Lindsey du Toit to lead WSU’s Department of Plant Pathology

Closeup of Lindsey du Toit inside a greenhouse.
Internationally recognized for her work aiding vegetable and vegetable-seed crops, Professor and Extension Plant Pathologist Lindsey du Toit is the new chair of WSU's Department of Plant Pathology.

For more than 20 years, scientist Lindsey du Toit has helped safeguard many of the Pacific Northwest’s most valuable crops from damaging diseases. Now, she is the first woman to lead Washington State University’s Department of Plant Pathology as full chair.

Taking over Sept. 5, 2023, du Toit replaces wheat scientist Tim Murray following his second tenure in leadership, which began in 2019. As chair, she will support WSU research, education, and extension work that faces threats to the world’s food supply from fungi, bacteria, nematodes, and viruses. 

“We’re one of the few remaining standalone departments of plant pathology in the country,” du Toit said. “As a team, we bring expertise in all aspects of plant pathology — nematology, bacteriology, virology, mycology — in service to Washington foremost, but also to the greater Pacific Northwest, the U.S., and the world. The solutions we bring make a huge impact on food security, health, and economic viability.”

Internationally recognized for her work protecting vegetable seed crops from diseases, du Toit joined the faculty at WSU’s Northwestern Washington Research and Extension Center in 2000. A professor and Extension Plant Pathologist, du Toit studies the origins, spread, patterns, and management of diseases affecting important vegetable and vegetable seed crops at home and around the globe, including seed crops of spinach, carrot, onion, cabbage, radish, beet, Swiss chard, and sweet corn.

“Dr. du Toit brings a lens of experience that sees every aspect of the Department of Plant Pathology’s mission,” said Wendy Powers, the Cashup Davis Family Endowed Dean of the College of Agricultural, Human, and Natural Resource Sciences. “She has led research on both sides of the Cascades, holds the support and respect of her peers, and pays forward the encouragement and opportunities that she’s received. I’m excited to see how she shapes the future of plant pathology at WSU.”

Powerful impacts on people

Growing up in the city of Durban, in South Africa, du Toit came to the field not from a farm, but through an undergraduate course in plant pathology that opened her eyes to how science can help people.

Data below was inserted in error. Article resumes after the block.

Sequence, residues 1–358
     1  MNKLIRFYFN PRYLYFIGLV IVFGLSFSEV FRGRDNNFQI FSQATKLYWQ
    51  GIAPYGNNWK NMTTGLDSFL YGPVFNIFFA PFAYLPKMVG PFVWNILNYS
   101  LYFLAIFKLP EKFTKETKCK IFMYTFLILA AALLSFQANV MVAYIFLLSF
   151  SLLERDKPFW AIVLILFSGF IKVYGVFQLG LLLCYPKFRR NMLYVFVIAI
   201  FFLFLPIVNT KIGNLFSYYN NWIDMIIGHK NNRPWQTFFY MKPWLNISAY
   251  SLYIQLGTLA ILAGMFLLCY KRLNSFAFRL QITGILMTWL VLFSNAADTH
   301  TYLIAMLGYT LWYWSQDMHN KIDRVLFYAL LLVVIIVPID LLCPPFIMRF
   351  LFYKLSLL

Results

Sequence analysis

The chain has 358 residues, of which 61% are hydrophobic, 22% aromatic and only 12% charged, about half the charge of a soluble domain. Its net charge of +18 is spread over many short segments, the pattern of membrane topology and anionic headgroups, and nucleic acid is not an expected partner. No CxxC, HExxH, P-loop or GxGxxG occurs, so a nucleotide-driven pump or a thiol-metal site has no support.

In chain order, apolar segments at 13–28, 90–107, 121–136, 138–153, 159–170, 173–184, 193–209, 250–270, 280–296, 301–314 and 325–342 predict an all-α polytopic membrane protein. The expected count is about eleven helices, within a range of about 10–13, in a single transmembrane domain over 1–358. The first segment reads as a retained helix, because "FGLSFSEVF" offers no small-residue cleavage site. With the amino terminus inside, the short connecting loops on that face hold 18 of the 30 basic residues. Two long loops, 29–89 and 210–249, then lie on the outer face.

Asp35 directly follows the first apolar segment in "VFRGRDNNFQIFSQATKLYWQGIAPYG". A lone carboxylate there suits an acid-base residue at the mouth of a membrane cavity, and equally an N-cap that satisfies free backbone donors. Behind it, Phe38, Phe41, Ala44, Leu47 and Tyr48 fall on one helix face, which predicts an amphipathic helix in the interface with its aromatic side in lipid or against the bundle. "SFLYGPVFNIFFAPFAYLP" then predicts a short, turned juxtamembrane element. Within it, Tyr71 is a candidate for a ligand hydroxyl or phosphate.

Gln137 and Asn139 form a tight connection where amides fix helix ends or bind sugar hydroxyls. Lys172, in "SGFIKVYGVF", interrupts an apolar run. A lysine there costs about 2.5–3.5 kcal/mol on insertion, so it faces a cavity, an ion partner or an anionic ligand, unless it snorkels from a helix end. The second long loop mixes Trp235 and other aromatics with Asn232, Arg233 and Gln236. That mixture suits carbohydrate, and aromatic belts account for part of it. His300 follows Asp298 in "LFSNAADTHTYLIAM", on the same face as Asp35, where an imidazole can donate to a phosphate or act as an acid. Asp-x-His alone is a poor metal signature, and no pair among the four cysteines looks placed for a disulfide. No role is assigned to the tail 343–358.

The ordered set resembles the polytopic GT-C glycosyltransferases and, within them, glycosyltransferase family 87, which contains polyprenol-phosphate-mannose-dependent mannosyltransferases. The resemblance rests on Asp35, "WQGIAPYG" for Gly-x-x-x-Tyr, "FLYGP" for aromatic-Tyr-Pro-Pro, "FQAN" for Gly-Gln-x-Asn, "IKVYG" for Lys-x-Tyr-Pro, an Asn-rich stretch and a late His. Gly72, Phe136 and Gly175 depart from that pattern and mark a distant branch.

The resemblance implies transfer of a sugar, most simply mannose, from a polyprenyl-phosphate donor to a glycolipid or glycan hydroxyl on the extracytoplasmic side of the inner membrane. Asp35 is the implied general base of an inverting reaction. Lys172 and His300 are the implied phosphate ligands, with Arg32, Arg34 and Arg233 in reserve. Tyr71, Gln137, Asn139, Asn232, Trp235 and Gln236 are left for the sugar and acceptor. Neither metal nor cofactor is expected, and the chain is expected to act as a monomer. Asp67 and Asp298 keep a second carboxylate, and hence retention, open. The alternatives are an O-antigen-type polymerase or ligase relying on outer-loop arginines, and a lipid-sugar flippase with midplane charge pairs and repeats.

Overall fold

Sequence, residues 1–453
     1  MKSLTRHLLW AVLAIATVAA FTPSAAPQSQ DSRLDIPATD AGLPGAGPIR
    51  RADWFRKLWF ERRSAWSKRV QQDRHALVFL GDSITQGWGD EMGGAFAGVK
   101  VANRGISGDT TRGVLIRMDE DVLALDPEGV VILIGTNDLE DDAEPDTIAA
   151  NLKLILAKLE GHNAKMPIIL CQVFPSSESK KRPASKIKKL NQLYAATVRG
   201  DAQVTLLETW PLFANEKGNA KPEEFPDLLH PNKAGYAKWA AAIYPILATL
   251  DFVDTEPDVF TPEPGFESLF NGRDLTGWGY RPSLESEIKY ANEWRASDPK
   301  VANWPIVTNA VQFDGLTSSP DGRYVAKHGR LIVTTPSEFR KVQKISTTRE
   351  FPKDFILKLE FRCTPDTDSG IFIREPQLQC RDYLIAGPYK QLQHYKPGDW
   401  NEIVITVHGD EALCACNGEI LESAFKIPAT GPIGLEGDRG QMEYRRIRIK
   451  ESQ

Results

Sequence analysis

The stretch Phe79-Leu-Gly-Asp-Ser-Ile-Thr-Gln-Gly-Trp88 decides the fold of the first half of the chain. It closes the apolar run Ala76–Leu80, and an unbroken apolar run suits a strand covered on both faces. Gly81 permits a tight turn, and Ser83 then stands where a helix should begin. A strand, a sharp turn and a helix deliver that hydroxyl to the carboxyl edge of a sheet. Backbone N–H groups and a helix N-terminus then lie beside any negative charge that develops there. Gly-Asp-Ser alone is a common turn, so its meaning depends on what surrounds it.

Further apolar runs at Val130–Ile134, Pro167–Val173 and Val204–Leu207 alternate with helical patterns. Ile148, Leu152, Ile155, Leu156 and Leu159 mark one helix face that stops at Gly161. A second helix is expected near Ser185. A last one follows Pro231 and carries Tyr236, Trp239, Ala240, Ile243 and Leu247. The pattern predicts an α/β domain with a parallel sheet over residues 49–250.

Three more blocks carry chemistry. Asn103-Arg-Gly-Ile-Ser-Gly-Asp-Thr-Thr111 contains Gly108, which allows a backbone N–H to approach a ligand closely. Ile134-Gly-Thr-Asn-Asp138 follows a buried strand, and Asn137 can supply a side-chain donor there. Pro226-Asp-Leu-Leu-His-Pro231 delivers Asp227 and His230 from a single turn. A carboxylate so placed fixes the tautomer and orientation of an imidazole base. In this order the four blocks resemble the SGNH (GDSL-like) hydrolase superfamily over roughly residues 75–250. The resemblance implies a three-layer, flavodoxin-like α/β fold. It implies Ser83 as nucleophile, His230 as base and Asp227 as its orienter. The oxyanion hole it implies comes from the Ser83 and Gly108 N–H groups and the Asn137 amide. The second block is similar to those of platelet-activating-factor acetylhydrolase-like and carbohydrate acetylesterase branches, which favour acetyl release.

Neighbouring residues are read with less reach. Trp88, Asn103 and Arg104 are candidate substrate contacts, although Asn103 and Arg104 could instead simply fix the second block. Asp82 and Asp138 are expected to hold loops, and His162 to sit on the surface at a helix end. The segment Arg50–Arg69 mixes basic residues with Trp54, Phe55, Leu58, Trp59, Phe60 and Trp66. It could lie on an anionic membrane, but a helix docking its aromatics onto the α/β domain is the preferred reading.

“The instructor took us out to visit farms, forests, and NGOs,” she said. “Seeing these diseases that were devastating individuals and communities, and seeing the intersection of science and community, was really powerful. I switched my major to plant pathology because of that course.”

Dr. du Toit earned her bachelor’s degree in plant pathology at the University of Natal-Pietermaritzburg, South Africa, and holds advanced degrees in plant pathology from the University of Illinois in Urbana-Champaign. As a master’s student, she seized the chance at a paid university assistantship in the U.S., gaining simultaneous experience in epidemiology and plant diagnostics. That led to her doctorate, and then her first job out of college, in 1998, as a diagnostician at the WSU Puyallup Plant & Insect Diagnostic Lab.

“I was one of those students who didn’t have a lot of confidence in themselves,” du Toit said. 

Her teachers and colleagues continually pushed her to grow and take new roles in her field and career. As a professor, and as a fellow, past president, and councilor-at-large of the American Phytopathological Society, she has helped support peers and her field for more than a decade.

“It’s important for me, now that I’m in this role, to encourage others who are earlier in their careers, and provide them with support and guidance,” she said.

While professor Lori Carris served as interim chair for two years prior to Murray’s latest term, du Toit is the first woman to serve as a full, regular chair of the department.

“The landscape is changing, and it’s a good change,” du Toit said. “Women are more accepted as equals in the scientific field than in the past, and I am grateful to the women who stood steadfast to get us to this place. It’s not just a gender equity issue, but other issues of progress as well; I think we’re finally seeing this happen at the levels of chair and beyond.”

To young people who are considering a career in plant pathology, du Toit reminds them that science is a lot of fun.

“If you have intellectual curiosity, if you like to understand why things happen, if you like solving puzzles, plant pathology might be for you,” she said. “You’re putting the pieces of the puzzle together to make a beautiful picture.”

Murray, the outgoing chair, was credited by Powers for his longstanding service and leadership.

“Tim has done an outstanding job in supporting the department’s important work of service, fundamental and applied discovery, and training and inspiration for the next generation of scientists,” she said. “Well done!”

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